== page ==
Personalization of Audio: Shorter Audio Ads

At Pandora, we’re constantly seeking to improve listener experience and advertiser performance on our platform. We truly believe that what is good for our listeners is also good for our advertisers. It was in this spirit that we conducted a test with Nielsen Entertainment to understand audio ad effectiveness between broadcast radio and digital radio; however it was the ad length findings that caught our attention.

This test revealed findings that shorter audio ads (8 seconds in length) prompted high recall with younger demos, specifically 13-24 year olds. Although the study wasn’t 100% conclusive, it made us pause and consider how we might apply these findings on our platform.

Today’s Communication Landscape

There’s no denying communication is different than it once was. The hand written note gave way to the email, which soon gave way to the text. Now, we rely on acronyms instead of phrases, emojis instead words, and gifs to make us really “LOL”. With interpersonal communication constantly evolving, should our marketing messages follow suit?

As a leader of audio, Pandora strives to provide informed, data-backed recommendations to our advertisers to best communicate with their audience in today’s world. To this end, we’ve set out to conduct a series of creative audio tests, the first of which focuses on the effectiveness of the shorter audio ad length. We’re collaborating with strategic partners, such as Orkin, ZipRecruiter, and Subway to understand how spot lengths can impact listeners and advertisers.

Audio is Personal

No two Pandora experiences are alike. We leverage the Music Genome Project, which analyzes over 450 attributes per song, to stream music that caters to individual users and their personal music taste. As such, our approach to ads is also just as personalized and flexible. Variables such as advertiser vertical, message objective, and target audience are unique to each of our advertisers. So, we’re now asking ourselves, why should audio length be one - or two - size fits all, given these differentiators?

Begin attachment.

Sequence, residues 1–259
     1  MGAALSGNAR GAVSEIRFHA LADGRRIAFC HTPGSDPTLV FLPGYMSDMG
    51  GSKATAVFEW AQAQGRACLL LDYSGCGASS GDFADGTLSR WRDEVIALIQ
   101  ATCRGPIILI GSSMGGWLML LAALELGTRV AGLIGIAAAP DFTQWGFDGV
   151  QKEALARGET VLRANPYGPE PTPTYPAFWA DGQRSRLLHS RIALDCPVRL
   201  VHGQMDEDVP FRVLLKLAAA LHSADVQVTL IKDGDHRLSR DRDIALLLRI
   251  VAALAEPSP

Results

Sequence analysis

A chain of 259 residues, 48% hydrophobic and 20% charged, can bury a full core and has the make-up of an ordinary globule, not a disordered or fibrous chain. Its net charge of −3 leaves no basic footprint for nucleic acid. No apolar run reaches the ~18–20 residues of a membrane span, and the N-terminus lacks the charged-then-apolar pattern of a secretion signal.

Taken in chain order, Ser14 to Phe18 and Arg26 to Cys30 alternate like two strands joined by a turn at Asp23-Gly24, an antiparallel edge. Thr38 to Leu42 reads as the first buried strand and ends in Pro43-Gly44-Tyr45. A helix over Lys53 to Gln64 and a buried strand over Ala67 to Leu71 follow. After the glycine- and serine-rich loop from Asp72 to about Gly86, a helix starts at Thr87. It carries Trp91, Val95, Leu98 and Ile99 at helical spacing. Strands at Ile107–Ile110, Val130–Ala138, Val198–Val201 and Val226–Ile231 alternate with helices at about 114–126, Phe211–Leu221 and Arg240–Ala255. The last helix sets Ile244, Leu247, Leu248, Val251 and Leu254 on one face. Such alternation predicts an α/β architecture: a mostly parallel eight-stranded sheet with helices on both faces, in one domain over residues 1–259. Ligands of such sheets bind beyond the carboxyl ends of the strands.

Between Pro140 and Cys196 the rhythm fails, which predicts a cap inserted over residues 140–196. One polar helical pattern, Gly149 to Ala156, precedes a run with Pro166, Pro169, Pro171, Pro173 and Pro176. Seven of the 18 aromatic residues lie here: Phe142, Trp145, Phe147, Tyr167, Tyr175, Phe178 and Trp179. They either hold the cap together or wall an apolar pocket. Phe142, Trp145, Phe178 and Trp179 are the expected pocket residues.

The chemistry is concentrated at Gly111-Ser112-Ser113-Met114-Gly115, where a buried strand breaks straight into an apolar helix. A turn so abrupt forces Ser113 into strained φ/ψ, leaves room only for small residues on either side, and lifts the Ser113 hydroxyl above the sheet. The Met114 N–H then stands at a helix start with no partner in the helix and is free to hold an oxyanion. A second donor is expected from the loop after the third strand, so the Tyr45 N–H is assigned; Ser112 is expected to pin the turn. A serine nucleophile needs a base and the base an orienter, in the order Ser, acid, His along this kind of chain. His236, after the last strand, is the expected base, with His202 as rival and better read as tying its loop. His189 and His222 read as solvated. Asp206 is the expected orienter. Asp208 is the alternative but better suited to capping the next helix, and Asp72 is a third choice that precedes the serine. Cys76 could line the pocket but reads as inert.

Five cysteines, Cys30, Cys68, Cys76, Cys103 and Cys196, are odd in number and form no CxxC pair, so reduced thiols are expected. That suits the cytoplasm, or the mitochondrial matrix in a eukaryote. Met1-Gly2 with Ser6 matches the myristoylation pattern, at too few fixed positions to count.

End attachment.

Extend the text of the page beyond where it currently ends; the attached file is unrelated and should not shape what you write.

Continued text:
Today, our hypotheses is that there is value in utilizing a shorter length audio ad as a part of a media mix of varying ad lengths. We are looking to understand audience trends and recommend optimal ad lengths based on both our client’s target audiences, messaging needs, and campaign objectives.

How You Can Up the Audio Ante

We’re heading into our fourth week of our shorter ad test, collecting first, second, and third party data with our partners. So far, what we’re seeing is in sync with our hypotheses:

1. 10 second and 30 second audio ads both successfully drive ad recall: While lifts at this point are not as strong as 30 second versions, we’re seeing double digit lifts in ad recall amongst 10 second formats. These shorter form ads do drive impact and we recommend using them as part of a broader media mix.

2. Shorter ad formats seem to resonate better amongst younger demos:  Ad recall rates were highest amongst the 25-34 demo.

3. Shorter formats do not necessarily equal less time spent with the brand: In one test, we found that the shorter ad format actually drove higher time spent on the landing page versus those who were exposed to the 30 second ad.

As the industry continues to think about shorter ad formats, we think marketers shouldn’t just be focused on buying time, but now also focusing on buying effectiveness as well. If a message can be communicated in a shorter time period, you may want to consider that option. Should you squeeze a 30 second ad into a 10? Probably not, as there are many variables to consider - but we think your media mix might look different in the years to come. Our ongoing audio ad length testing will allow us to provide our advertisers with smart, informed recommendations around spot lengths, best practices for when and how to run which spot length, and most importantly - how it can map back to our partner’s KPIs.

To learn more about Pandora’s suite of advertising offerings, get in touch with us here.

Source: Pandora Internal Metrics